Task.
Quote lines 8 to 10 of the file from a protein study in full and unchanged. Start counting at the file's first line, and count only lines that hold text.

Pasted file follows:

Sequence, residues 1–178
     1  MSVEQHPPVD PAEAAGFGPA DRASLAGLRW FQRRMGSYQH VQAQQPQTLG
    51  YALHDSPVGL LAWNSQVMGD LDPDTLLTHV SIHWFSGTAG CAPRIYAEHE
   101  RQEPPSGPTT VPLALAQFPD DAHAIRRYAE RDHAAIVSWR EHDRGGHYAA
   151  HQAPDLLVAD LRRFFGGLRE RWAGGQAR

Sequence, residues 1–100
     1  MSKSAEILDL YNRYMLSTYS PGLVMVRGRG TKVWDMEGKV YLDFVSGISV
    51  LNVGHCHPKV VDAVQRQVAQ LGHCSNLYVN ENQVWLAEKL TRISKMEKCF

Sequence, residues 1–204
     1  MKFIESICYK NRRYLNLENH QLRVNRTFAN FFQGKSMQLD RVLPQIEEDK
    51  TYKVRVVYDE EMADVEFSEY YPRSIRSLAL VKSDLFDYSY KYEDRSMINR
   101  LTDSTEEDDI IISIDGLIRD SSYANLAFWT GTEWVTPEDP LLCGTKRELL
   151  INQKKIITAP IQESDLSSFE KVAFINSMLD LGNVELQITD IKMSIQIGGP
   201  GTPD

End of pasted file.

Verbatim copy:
    51  LNVGHCHPKV VDAVQRQVAQ LGHCSNLYVN ENQVWLAEKL TRISKMEKCF

Sequence, residues 1–204
     1  MKFIESICYK NRRYLNLENH QLRVNRTFAN FFQGKSMQLD RVLPQIEEDK